Michael Servetus

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Michael Servetus
BirthplaceVillanueva de Sijena, Kingdom of Aragon in Spain
Theologian, Physician, Cartographer, Translator

Servetus, Michael


(Miguel Serveto). Born 1509 or 1511; died Oct. 27, 1553, in Geneva. Spanish thinker, physician, and scholar.

Servetus studied mathematics, geography, law, and medicine in Zaragoza, Toulouse, and Paris. He published Ptolemy’s Geography with commentaries. He discovered the pulmonary circulation of the blood.

Servetus sharply criticized the Christian dogma of the trinity from the standpoint of pantheism. He rejected the doctrines of predestination and “salvation by faith,” criticized the papacy, and engaged in sharp polemics on theological questions with Calvin. He was persecuted by both the Catholics and the Cal-vinists. Servetus expounded his views on philosophy and natural science in The Restoration of Christianity (Restitutio Christianismi), published anonymously in 1553.

Denounced by Calvin, Servetus was arrested by the Inquisition in 1553 in Vienne (Dauphiné). He managed to escape, but on his way to Italy he was seized in Geneva and accused of heresy by the Calvinists. After refusing to renounce his views, he was burned to death. In 1903 the Calvinist church erected a monument in his honor in Geneva.


Budrin, E. M. Servet i ego vremia. Kazan, 1878.
Mikhailovskii, V. Servet i Kal’vin. Moscow, 1883.
Autour de M. Servet et de S. Castellion: Recueil publié, sous la dir. de B. Becker. Haarlem, 1953.
Bainton, R. H. Hunted Heretic: The Life and Death of M. Servetus, 1511–1553. Boston. 1960.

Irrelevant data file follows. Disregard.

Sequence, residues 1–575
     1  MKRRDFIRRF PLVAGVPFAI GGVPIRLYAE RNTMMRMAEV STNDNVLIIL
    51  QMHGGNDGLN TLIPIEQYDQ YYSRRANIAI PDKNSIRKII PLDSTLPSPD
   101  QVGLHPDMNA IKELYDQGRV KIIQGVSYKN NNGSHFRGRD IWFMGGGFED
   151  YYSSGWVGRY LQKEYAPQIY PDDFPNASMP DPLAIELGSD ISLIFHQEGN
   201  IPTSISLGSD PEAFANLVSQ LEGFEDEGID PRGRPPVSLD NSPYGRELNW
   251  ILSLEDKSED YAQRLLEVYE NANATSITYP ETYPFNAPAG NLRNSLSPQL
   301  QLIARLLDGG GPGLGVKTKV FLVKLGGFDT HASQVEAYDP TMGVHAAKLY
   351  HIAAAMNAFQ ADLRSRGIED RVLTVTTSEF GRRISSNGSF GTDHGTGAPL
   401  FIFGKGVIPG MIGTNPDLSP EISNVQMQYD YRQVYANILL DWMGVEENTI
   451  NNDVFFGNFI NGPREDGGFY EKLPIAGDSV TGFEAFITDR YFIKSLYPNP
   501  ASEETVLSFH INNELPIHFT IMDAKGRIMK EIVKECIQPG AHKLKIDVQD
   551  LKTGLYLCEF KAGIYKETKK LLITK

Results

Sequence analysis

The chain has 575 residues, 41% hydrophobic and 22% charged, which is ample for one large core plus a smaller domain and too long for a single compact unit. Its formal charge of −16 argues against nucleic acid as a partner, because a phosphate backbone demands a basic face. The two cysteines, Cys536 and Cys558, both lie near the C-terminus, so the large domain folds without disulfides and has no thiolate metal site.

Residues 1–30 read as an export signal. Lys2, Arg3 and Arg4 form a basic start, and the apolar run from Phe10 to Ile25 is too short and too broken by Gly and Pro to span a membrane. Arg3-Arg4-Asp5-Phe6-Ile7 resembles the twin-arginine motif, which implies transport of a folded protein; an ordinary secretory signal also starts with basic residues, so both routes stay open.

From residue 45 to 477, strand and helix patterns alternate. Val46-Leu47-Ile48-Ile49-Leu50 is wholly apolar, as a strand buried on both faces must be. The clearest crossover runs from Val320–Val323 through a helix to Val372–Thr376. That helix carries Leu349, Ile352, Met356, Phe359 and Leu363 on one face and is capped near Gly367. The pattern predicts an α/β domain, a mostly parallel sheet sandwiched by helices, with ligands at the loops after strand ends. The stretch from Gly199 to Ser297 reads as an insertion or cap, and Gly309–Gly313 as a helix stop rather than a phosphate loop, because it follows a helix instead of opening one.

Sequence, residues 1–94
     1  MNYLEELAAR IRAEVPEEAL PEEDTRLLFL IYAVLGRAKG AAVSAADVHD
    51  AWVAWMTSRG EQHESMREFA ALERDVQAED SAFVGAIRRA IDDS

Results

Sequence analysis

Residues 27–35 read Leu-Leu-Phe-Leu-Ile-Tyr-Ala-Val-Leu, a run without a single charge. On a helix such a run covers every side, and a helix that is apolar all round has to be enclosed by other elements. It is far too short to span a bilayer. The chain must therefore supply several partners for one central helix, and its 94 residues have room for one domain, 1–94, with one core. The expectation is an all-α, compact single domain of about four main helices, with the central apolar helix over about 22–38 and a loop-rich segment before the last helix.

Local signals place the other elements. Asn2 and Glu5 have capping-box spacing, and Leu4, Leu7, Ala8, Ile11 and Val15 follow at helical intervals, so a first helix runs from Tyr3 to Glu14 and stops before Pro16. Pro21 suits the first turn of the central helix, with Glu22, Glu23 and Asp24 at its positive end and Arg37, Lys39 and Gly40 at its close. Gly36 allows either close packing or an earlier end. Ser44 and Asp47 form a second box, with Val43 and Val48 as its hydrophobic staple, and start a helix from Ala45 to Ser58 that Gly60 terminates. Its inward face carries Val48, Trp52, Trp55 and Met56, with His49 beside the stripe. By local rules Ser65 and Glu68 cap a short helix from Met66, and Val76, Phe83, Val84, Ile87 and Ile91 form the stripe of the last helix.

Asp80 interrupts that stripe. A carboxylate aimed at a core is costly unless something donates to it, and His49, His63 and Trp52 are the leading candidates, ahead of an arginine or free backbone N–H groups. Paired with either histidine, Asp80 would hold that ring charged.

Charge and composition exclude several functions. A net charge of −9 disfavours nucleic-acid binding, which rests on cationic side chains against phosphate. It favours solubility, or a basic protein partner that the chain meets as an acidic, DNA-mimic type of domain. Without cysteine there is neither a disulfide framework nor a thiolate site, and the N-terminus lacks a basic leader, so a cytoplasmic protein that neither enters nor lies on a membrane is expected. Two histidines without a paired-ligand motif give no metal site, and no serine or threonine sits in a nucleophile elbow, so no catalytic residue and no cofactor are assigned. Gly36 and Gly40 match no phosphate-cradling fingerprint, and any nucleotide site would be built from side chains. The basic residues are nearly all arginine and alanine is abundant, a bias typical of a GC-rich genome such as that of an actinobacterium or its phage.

References in periodicals archive ?
Michael Servetus and Giordano Bruno each became ensnared in controversies over the meaning of the Bible.
The restoration of Christianity; an English translation of Christianismi restitutio, 1553 by Michael Servetus (1511-1553).
The latter, frustrated by the difficulty of defining the concept of toleration and the proliferation of studies on it, concentrated her inquiry on the self-serving praises lavished by historians and politicians of the Third Republic on emblematic figures such as Michael Servetus and Sebastian Castellio.
Castellio's Concerning Heretics, occasioned in 1553 by the author's revulsion at the burning of the heretic Michael Servetus earlier that year in Geneva, argued passionately against the notion of heresy and persecution, and proposed that toleration was beneficial to a society.
In 1553, the physician Michael Servetus, who discovered the pulmonary circulation of blood, was burned alive in John Calvin's Geneva for doubting the Trinity.
In what has been called |the sixteenth century's most courageous and most noble plea for tolerance' Castellio protested when dissenter Michael Servetus was burned at the stake in 1553 by John Calvin.
Dibb (theology, Academy of the New Church Theological School) looks to theologians Michael Servetus (1509-53) and Emanuel Swedenborg (1688-1772) to explain who the God is that Christian worship, why they understand him to be the God they think he is, and how they know that their own personal and denominational interpretation of the Bible is accurate and true.
As for the Unitarian Michael Servetus, executed in Calvin's Geneva, Old asserts but that his "errors" were as "detestable" to Protestants in the seventeenth century as they were in the sixteenth century (422).
I pray the ways of Jesus Christ will overcome the philosophies of John Calvin (the man who sanctioned the killing of Michael Servetus by burning but, in the end, settled instead for his beheading).
Saturday at Michael Servetus Unitarian Universalist Fellowship, 4505 E.